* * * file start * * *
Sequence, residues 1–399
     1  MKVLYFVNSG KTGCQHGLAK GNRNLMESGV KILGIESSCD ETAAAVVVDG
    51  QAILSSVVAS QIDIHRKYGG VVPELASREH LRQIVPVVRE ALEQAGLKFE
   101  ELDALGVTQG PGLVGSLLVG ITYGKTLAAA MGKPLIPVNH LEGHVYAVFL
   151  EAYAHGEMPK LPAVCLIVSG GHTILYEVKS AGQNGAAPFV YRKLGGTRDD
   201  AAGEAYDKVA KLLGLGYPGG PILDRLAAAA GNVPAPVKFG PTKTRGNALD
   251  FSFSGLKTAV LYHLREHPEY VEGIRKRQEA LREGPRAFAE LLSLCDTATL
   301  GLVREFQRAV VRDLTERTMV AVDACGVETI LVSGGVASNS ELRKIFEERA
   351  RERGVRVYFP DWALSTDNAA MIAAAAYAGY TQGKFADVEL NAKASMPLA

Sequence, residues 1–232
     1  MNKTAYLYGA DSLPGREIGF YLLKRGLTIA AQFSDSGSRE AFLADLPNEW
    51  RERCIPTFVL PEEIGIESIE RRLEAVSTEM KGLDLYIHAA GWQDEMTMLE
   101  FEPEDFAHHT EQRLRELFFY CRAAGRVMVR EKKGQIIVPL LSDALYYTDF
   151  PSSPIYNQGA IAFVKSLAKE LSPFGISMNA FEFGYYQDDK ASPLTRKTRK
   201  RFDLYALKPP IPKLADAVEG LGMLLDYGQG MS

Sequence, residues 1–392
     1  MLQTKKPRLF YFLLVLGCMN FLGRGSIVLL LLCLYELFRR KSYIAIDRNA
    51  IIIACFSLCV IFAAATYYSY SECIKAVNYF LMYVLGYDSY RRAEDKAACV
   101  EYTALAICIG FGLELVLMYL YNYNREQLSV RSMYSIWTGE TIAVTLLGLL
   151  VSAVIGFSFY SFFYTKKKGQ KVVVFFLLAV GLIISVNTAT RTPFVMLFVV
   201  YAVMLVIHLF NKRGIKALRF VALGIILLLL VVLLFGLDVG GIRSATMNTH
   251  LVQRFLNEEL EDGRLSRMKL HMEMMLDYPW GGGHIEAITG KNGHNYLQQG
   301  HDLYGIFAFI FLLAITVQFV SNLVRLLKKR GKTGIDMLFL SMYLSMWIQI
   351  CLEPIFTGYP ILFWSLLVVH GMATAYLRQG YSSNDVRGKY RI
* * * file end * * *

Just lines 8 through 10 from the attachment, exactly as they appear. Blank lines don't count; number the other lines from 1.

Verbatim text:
   301  GLVREFQRAV VRDLTERTMV AVDACGVETI LVSGGVASNS ELRKIFEERA
   351  RERGVRVYFP DWALSTDNAA MIAAAAYAGY TQGKFADVEL NAKASMPLA

Sequence, residues 1–232